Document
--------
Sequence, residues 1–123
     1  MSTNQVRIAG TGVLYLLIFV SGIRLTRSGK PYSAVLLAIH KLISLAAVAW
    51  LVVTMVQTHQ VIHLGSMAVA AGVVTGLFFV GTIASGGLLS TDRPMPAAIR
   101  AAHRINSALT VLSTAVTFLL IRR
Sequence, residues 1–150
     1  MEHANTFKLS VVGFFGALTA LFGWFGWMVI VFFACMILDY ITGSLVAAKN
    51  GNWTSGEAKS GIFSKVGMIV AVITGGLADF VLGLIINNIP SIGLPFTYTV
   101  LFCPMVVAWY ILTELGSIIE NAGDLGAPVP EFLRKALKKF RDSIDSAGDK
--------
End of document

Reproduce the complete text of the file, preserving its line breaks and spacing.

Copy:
Sequence, residues 1–123
     1  MSTNQVRIAG TGVLYLLIFV SGIRLTRSGK PYSAVLLAIH KLISLAAVAW
    51  LVVTMVQTHQ VIHLGSMAVA AGVVTGLFFV GTIASGGLLS TDRPMPAAIR
   101  AAHRINSALT VLSTAVTFLL IRR
Sequence, residues 1–150
     1  MEHANTFKLS VVGFFGALTA LFGWFGWMVI VFFACMILDY ITGSLVAAKN
    51  GNWTSGEAKS GIFSKVGMIV AVITGGLADF VLGLIINNIP SIGLPFTYTV
   101  LFCPMVVAWY ILTELGSIIE NAGDLGAPVP EFLRKALKKF RDSIDSAGDK